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Neuroscience. 2009 Feb 6;158(3):1049-61. doi: 10.1016/j.neuroscience.2008.08.019. Epub 2008 Aug 22.

Systemic infection, inflammation and acute ischemic stroke.

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1
Faculty of Life Sciences, Michael Smith Building, University of Manchester, Manchester M13 9PT, UK. barry.mccol@manchester.ac.uk

Abstract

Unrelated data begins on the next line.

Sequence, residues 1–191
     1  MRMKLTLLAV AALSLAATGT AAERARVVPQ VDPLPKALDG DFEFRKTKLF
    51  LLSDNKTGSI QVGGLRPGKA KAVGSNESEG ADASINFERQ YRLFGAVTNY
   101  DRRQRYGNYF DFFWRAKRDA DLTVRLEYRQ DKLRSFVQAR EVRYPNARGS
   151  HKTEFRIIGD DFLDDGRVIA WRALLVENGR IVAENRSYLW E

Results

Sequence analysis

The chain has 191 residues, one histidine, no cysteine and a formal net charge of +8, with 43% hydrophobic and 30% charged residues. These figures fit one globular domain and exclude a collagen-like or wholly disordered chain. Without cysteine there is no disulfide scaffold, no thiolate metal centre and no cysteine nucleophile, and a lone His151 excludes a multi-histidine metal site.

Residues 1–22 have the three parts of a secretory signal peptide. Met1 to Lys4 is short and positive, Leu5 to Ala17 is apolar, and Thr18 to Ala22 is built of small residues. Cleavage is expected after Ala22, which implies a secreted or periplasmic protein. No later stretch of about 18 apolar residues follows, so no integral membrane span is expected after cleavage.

Extensive evidence implicates inflammation in multiple phases of stroke etiology and pathology. In particular, there is growing awareness that inflammatory events outside the brain have an important impact on stroke susceptibility and outcome. Numerous conditions, including infection and chronic non-infectious diseases, that are established risk factors for stroke are associated with an elevated systemic inflammatory profile. Recent clinical and pre-clinical studies support the concept that the systemic inflammatory status prior to and at the time of stroke is a key determinant of acute outcome and long-term prognosis. Here, we provide an overview of the impact of systemic inflammation on stroke susceptibility and outcome. We discuss potential mechanisms underlying the impact on ischemic brain injury and highlight the implications for stroke prevention, therapy and modeling.

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